During the meeting, several texts to facilitate the operationalization of the Customs code will be presented for examination and validation. These relate to mutual administrative assistance in customs matters and customs cooperation as well as the harmonization of customs duty reliefs in the ECOWAS region.

The implementation of the ECOWAS CET, which began in January 2015 effectively ushered the Community into a customs union on the road to consolidating the West Africa regional market.

Regional directors-general of Customs meet on the consolidation of the ECOWAS Customs Union

The Directors-General of Custom service of the fifteen member countries of the Economic Community of West African States (ECOWAS) have met in Abuja, Nigeria on the 1st of November 2018 in the quest to consolidate the ECOWAS Customs Union.

The heads of Customs are also deliberating on information exchange and cooperation between Customs administrations as a concerted response to the obstacles to the free movement of goods, security challenges and resurgence of illicit trafficking.

Declaring the meeting open, the ECOWAS Commission’s Commissioner for Trade, Customs, and Free Movement, Mr. Tei Konzi, affirmed that the coming together of senior officials is in line with the current desire of the President of the Commission to strengthen the economic integration process of ECOWAS.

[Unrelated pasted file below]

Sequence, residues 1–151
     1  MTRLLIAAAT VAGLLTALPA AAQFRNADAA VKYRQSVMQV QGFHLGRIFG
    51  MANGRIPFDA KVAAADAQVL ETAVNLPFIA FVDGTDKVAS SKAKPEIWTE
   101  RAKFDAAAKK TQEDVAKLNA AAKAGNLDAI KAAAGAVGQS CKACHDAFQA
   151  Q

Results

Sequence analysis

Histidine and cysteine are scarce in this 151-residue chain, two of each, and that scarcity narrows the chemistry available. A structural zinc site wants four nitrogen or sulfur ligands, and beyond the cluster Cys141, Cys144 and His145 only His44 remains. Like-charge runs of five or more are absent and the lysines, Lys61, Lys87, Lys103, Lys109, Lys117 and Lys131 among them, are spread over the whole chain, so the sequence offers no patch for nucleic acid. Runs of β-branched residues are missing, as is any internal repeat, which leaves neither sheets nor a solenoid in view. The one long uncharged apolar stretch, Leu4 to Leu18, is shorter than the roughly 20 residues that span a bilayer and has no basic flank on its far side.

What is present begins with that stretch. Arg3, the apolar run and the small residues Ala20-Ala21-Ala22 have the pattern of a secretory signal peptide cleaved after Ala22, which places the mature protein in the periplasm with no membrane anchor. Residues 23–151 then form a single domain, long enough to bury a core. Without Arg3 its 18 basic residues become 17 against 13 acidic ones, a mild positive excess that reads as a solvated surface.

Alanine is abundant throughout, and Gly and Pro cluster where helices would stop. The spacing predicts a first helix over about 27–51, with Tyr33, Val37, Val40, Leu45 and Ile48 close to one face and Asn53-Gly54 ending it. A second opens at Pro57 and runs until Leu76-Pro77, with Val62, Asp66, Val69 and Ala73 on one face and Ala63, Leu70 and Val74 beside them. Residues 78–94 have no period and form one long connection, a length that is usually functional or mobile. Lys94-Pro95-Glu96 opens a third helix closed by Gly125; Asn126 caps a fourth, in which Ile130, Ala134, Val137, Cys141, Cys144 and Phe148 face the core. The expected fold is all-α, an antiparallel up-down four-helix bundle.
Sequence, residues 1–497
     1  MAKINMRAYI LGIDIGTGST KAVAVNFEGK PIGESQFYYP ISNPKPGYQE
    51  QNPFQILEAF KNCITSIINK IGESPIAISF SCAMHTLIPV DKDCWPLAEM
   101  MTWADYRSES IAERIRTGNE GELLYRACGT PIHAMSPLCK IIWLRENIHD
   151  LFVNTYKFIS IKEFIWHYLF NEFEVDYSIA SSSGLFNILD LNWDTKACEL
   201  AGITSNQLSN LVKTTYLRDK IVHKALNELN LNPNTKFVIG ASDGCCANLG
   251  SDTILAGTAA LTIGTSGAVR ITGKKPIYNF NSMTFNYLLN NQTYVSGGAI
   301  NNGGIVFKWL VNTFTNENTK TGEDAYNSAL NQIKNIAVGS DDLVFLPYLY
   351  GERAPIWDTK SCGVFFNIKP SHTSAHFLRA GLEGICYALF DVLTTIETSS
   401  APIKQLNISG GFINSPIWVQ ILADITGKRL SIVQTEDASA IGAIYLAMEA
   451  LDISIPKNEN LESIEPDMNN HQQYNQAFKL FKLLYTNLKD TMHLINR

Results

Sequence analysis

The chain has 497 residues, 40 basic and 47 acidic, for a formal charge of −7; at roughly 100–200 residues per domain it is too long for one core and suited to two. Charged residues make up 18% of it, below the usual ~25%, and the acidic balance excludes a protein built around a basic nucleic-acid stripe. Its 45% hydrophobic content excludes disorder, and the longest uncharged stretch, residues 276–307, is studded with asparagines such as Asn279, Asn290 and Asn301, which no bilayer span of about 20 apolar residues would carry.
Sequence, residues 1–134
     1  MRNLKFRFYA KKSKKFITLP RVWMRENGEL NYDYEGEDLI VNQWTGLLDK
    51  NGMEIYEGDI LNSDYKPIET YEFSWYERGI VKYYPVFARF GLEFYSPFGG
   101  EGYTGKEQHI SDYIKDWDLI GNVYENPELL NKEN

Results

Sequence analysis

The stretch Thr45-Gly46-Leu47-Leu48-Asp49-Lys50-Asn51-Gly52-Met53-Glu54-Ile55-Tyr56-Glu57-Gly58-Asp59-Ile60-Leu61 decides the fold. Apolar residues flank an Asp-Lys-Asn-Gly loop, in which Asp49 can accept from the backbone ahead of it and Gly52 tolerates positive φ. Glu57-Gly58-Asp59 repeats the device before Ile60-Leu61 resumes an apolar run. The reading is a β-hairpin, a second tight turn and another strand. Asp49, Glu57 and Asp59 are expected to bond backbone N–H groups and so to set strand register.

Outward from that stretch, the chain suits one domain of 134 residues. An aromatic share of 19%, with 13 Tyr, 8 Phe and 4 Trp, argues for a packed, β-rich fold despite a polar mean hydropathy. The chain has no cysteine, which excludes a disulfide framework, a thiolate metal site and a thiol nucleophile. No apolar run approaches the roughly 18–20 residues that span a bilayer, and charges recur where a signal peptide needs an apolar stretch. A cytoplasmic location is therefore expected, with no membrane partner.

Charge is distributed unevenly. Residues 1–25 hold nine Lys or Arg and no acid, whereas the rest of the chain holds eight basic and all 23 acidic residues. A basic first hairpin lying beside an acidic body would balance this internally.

Noting that the Customs service constitute a critical central link in this regard, Commissioner Konzi recalled that since the last meeting in 2017, the ECOWAS Commission “has worked tirelessly to strengthen the regional Customs Union”

He stressed that the efforts of the Commission are translated with the assistance of the experts of the Member States who examined the draft Community texts on the reinforcement of the Free Trade Area (FTA), the application of the Common External Tariff (CET), harmonization of customs procedures, cooperation as well as the establishment of the Tax Transition and Tax Harmonization Programmes.

He further disclosed that the Commission has also made good progress on the construction of a regional automated transit system based on the interconnection of national customs Information Technology systems.